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Matt Pond PA - The Nature of Maps

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Artist: Matt Pond PA

Album: The Nature of Maps

Label: Polyvinyl

Review date: Jan. 29, 2003

National geographic

It is heartening, in light of the international malaise that has come with merely existing recently, to hear a record as simply and distinctly American as Matt Pond PA's The Nature of Maps. Granted, it's not poised to make any reparations for imperialism of centuries past, but it captures an indigenous honesty so modest and sincere that one can't help but remember that this country isn't all SUVs and low-rise jeans. It's not glamorous, defiant, majestic, or revelatory, and for perhaps just that reason The Nature of Maps is really quite a lovely album.

Maps is a pretty straightforward affair; singer Matt Pond (from, yes, Pennsylvania) has written twelve melancholy pop songs and fleshed them out with strings and the occasional banjo and vibraphone. In most ways, little has changed since last January's The Green Fury, but, as its title suggests, this album gives a bit more focus to the vague geographical thread tying Pond's work together. While his sound isn't immediately reminiscent of other artists, it's clear that Pond's influences stay primarily within the boundaries of the USA; whether or not it is, strictly speaking, Maps sounds like music from the heartland, pure, simple, and earnest. Pond's impassioned staccato yelp/drawl recalls Adam Duritz (it's not a bad thing! really!), while his lyrics convey the small-town ennui of Tom Petty's work. Even the Belle and Sebastian-esque strings that sweeten and darken songs like "No More" and "Closer" are filtered through a rustic Elephant 6 sort of nostalgia. And as hazily American as Maps is, its songs named after towns, lyrics about local restlessness, and cartographic artwork make it equally easy to interpret it on a metaphorical — and now political — level.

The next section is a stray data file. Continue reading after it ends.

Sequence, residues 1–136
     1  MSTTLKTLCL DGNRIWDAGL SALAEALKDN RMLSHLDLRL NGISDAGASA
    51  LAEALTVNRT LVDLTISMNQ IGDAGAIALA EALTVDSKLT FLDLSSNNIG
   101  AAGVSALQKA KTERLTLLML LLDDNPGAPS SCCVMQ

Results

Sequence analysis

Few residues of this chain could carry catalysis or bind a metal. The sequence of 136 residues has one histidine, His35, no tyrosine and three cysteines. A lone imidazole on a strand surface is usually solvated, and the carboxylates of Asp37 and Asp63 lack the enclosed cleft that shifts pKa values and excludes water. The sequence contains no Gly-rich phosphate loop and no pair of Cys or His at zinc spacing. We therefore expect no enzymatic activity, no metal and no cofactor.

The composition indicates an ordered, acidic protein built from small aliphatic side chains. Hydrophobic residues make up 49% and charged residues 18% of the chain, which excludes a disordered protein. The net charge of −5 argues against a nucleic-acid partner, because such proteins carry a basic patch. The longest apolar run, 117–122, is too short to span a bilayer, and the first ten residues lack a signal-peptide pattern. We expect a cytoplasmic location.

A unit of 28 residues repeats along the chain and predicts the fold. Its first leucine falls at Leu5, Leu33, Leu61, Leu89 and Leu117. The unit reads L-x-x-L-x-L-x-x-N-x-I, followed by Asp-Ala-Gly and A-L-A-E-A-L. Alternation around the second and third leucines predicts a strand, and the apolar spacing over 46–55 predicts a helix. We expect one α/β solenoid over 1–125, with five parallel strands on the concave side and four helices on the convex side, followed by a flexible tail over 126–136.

Underneath a somewhat innocuous appearance, Maps wields ample emotional power, resonating with an unpretentious simplicity through (and, oddly, despite) its lush instrumentation and half-conceptual nature. It is, in fact, ironic that an album preoccupied with the specific geography of maps should be so hard to pinpoint, both regionally and musically. Somewhere between the lonesome crowded west, the rural midwest, and the pastoral east; somewhere between the lush composure of chamber pop and the stirring Americana of Springsteen's heartland rock, lies The Nature of Maps — quietly wistful, humbly triumphant, and eminently charming — with no place in particular to go.

By Daniel Levin Becker

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